Emergency Preparedness and Response: As a provider of essential services, emergency preparedness is critical to providing the reliable and efficient service that customers and communities depend on. This category is about efforts to prevent, respond to and recover from incidents and emergencies (incl. pandemic planning and continuity of service) and provide emergency response assistance to others (e.g. emergency response planning, logistics support).

  • People

    Occupational Health and Safety: Companies are exposed to inherent safety risks, affecting employees and contractors –including both direct harm to people as well as the potential for indirect operational and financial consequences. This category is about companies` occupational health & safety track record (e.g. safety incident frequencies), and efforts to create and maintain a safe and healthy workplace environment for employees and contractors, that is free of injuries, fatalities, and illness (both chronic and acute), and considers aspects such as the mental health of workers.

    Public Health and Safety: Companies operations and activities may present inherent safety risks to the public. This category is about companies` public health & safety track record (e.g. # incidents involving public), and efforts to reduce incidents involving the public (e.g. injury prevention programs and awareness campaigns).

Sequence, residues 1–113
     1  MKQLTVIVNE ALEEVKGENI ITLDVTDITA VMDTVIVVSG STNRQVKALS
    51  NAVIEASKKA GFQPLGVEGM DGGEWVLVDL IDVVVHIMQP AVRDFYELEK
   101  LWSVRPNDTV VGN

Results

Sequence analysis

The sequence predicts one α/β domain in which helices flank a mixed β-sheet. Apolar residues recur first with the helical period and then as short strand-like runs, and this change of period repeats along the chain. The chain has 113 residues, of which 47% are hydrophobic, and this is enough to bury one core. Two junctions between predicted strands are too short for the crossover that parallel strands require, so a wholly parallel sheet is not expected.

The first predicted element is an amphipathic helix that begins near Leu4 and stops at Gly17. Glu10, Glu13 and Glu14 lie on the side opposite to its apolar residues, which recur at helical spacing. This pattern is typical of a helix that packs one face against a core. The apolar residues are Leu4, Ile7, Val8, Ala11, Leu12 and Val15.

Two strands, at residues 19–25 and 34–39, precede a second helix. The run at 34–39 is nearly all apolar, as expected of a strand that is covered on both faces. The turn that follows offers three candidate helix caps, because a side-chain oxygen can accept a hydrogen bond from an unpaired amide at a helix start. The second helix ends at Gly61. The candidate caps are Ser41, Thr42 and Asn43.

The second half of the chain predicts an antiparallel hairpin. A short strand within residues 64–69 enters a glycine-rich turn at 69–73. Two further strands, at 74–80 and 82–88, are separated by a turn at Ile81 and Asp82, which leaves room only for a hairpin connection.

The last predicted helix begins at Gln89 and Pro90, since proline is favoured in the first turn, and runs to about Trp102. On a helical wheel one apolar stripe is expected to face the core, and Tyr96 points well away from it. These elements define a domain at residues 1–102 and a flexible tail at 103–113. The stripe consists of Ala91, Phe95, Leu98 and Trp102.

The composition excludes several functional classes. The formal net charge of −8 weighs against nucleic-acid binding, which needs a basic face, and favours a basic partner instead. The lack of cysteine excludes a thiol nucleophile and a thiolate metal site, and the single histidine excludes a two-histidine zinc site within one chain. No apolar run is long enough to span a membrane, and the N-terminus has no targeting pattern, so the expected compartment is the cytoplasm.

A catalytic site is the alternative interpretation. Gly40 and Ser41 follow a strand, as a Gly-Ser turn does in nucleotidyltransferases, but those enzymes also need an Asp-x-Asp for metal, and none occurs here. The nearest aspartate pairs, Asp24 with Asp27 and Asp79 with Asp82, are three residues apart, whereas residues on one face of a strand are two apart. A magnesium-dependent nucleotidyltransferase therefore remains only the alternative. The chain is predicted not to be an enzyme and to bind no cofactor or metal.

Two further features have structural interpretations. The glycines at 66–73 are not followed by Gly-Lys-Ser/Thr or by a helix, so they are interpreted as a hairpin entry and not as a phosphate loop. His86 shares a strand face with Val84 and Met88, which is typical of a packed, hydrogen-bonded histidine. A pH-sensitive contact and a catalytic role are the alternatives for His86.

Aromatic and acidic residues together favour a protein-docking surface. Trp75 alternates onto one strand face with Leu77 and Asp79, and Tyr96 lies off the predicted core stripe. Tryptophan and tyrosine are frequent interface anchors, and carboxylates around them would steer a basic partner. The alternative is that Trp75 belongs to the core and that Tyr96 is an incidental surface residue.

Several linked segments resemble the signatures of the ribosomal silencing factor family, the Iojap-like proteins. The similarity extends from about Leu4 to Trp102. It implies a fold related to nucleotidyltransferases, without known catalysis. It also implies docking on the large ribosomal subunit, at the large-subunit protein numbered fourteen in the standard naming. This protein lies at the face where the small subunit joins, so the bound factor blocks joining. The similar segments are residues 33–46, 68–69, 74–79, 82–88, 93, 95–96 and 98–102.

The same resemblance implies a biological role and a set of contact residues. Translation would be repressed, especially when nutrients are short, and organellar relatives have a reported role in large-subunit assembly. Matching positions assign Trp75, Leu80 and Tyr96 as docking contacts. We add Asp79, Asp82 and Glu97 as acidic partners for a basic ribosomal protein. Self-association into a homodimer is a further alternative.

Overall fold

Diversity, Equity and Inclusion: Companies, through their culture, hiring and promotion practices have an impact on the diversity of their workforce (e.g. in terms of gender / ethnicity / disability / spiritual beliefs / sexual orientation) and the respect for (equal) opportunities. This category is about companies` diversity, inclusion and equality track record (e.g. % women in leadership, % black, Indigenous and people of colour (BIPOC)), and efforts to promote the same.

  • Community & Indigenous Relations

    Community Engagement and Investment: Companies` activities can impact the communities in which they operate or stakeholder groups they serve. This category is about efforts to engage with and give back to community groups, including but not limited to: meaningful and authentic stakeholder engagement, community investments (e.g. corporate volunteering, sponsorships, donations, community support to workers affected by energy transition), economic participation (local content).

    Indigenous Engagement, Economic Opportunity and Reconciliation: Companies` activities can impact Indigenous groups either directly (e.g. by having activities on First Nations, Inuit and Métis lands) or indirectly (e.g. impacts to traditional land use). This category is about efforts to facilitate meaningful and authentic engagement with Indigenous communities, and promotion of economic participation, education and employment opportunities, amongst others.